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Spy vs. Spy. This is not MAD® Comics, folks. This is serious.

Gene Royer

Gene Royer is a staunch conservative. He is a consultant to conservative boards of all kinds, and is particularly sought-after by school boards. Gene is the author of School Board Leadership 2000 - The Things Staff Didn't Tell You At Orientation

by Gene Royer - a voice of reason in a babbling society. April 14th, 2001

Okay. I can remain silent no longer. Why do the U.S. news media insist on referring to the current stand-off as the Spy Plane incident? Why do media people insist on calling it a spy plane when the facts clearly indicate otherwise? Are they ignorant or just plane perfidious (no pun intended)?

If we look up the definition of spy in the dictionary we see: as a verb (1) to observe covertly, usually for hostile purposes; and as a noun (2) one who acts in a clandestine manner or on false pretenses to obtain information.

Does anyone really think the huge four-engine plane was a secret to the Chinese? Of course not. Does anyone think the plane was pretending to be a routine junket for democratic congressmen to spend taxpayer money on--or some other kind of innocuous military exercise? I think not. No, the plane flew along the same path every day, and probably had been doing so for twenty or thirty years. When I was in Europe in the '50s and '60s, our air force customarily flew those kinds of surveillance missions along the free world borders of the Soviet Bloc.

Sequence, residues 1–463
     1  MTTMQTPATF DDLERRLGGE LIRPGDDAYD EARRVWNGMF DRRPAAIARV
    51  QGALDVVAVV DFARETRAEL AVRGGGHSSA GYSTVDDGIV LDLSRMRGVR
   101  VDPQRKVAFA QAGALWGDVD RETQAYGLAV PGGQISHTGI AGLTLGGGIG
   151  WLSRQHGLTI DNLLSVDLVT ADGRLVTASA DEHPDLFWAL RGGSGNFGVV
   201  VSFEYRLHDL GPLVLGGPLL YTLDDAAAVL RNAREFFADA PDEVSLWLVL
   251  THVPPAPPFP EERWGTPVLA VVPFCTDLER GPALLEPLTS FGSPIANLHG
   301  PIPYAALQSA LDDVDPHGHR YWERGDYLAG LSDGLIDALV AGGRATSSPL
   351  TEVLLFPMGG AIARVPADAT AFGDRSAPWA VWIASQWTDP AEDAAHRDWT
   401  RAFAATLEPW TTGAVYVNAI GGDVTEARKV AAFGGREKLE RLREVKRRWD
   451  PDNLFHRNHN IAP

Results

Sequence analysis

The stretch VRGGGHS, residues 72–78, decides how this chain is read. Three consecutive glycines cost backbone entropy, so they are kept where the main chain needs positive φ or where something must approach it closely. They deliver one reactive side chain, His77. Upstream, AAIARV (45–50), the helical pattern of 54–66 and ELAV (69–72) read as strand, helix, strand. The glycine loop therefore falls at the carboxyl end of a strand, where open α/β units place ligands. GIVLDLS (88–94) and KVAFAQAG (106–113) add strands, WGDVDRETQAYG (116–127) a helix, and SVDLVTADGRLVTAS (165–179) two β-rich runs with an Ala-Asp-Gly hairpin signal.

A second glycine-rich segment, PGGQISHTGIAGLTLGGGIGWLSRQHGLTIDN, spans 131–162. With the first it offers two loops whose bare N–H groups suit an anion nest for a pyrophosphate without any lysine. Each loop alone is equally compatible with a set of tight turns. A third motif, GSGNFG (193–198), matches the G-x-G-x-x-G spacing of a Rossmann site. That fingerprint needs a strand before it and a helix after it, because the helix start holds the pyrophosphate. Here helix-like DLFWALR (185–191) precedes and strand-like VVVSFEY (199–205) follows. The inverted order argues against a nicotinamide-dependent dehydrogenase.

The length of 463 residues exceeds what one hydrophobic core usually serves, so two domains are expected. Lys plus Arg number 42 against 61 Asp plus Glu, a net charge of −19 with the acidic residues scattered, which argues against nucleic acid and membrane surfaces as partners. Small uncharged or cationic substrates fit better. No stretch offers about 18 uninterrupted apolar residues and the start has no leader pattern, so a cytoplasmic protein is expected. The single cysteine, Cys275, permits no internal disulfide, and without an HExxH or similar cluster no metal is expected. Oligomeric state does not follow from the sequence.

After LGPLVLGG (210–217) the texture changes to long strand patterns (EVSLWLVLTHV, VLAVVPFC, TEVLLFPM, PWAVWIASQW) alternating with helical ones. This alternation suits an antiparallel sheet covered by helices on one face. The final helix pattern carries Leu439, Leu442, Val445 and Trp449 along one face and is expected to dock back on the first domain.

And neither was this mission "clandestine" because it was conducted in international waters--perfectly legal by world standards.

So, why do the media insist on calling it a "spy" mission? I think the answer is simple-and, at the same time, appalling. The news media only score points (read that high ratings) when there is a controversy or crisis. The administration of George W. Bush has refused to elevate this to "crisis" level, thereby robbing the media of one of their necessary food groups for survival. Their only remaining option is to stir the controversy by making it sound as "crisis-like" as possible. Hence, a "spy" mission gone bad--where the U.S. is obviously the culprit. After all, spying is a no-no, right?

This was a surveillance mission, pure and simple. It was absolutely legal under international law, and the Chinese pilot's hostile action, which resulted in his death, was an encroachment on the larger aircraft's right to proceed. That our own citizen-news-media would stoop to this subversive level in order to propagate their own interests--and further endanger the lives of our servicemen--is, in my opinion, borderline treason.

That's the way I see it; and, of course, I'm right.

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"...Does anyone really think the huge four-engine plane was a secret to the Chinese?..."

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